Jelly Roll Morton, the self-proclaimed inventor of Jazz, spoke of “the Latin tinge” in music. It was always there, as far as he was concerned. It’s also true with rock and roll. In the Fifties in Los Angeles, Latinos there embraced early rhythm and blues and vocal group harmony. Ritchie Valens was a high school kid from the San Fernando Valley who played guitar and was crazy about Little Richard. Consider this – Valens’ professional career lasted barely six months. Here we are, more than 50 years after his untimely death, and his influence can still be felt. He was only 17 when he died. When I look at photos of Valens, I see a pudgy kid with spotty skin and a glowing smile, slinging a Stratocaster and oozing confidence. We have one of his stage outfits on display here in the Rave On case. It’s a two-piece vest and pants set with rhinestones trimming the lapel of the vest. He bought it at Nudie’s, the famous Western wear tailor in North Hollywood. Hank Williams and Elvis Presley wore clothes from Nudie. To me, that sort of encapsulates how cool Valens was. That and his enduring music, of course. Latino Heritage Day at the Rock Hall will reflect on Ritchie Valens as a major figure and represent some rising talent from today.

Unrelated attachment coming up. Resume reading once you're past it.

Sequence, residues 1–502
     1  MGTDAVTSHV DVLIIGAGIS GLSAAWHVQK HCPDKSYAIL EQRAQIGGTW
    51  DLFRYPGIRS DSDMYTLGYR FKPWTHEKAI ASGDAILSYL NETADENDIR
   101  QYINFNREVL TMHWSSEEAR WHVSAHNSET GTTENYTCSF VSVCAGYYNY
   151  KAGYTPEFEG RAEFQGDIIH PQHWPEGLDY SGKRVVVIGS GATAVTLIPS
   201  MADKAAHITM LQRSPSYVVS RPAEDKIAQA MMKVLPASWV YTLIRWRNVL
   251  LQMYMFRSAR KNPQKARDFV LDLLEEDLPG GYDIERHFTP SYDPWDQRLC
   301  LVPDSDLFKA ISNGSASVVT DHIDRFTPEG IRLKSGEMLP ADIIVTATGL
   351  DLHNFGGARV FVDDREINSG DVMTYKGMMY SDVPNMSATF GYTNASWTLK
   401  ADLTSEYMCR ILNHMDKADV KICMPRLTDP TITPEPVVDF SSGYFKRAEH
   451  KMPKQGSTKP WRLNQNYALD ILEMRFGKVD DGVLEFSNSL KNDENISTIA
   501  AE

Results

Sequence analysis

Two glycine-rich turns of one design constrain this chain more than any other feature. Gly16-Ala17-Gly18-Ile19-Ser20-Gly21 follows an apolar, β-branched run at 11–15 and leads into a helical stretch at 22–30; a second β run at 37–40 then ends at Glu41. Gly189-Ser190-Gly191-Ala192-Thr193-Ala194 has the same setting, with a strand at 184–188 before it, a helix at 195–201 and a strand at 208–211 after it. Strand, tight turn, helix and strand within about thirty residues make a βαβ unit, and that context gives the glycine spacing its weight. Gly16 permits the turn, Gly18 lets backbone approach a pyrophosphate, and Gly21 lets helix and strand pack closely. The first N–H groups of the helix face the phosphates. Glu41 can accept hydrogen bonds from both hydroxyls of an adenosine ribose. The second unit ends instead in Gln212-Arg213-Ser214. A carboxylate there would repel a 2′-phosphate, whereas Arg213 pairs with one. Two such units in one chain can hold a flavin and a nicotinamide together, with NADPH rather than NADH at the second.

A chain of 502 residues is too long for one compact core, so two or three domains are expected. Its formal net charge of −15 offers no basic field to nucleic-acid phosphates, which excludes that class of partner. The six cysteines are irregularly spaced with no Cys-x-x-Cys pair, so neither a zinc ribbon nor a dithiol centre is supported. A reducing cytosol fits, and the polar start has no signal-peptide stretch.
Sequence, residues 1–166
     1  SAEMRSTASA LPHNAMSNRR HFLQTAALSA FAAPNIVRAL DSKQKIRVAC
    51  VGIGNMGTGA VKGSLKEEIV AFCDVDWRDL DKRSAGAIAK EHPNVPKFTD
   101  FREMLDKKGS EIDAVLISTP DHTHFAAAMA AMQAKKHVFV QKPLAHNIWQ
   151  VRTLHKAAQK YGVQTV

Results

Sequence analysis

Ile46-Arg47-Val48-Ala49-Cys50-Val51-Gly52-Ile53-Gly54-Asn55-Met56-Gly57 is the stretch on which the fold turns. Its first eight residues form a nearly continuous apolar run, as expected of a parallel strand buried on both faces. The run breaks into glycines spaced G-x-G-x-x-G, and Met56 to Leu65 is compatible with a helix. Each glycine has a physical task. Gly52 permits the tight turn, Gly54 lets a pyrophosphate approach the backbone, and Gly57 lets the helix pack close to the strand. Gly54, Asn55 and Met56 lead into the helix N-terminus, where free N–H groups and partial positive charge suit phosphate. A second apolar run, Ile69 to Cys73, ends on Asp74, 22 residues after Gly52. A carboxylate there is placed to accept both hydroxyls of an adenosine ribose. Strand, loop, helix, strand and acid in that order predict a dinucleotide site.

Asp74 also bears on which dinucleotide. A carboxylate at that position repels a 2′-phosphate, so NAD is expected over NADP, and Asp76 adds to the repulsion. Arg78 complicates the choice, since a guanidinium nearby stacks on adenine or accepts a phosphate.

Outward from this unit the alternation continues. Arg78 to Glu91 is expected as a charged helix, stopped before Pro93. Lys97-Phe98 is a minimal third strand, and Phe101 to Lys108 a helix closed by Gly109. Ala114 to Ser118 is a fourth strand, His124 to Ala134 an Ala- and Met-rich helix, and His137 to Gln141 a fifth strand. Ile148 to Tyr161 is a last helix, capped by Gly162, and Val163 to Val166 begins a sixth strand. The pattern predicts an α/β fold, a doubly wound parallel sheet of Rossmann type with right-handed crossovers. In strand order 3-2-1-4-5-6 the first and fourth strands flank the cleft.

The Rock Hall’s Latino Heritage Festival will take place on the Main Stage of the Rock Hall on Sunday, August 30 from Noon to 4 p.m.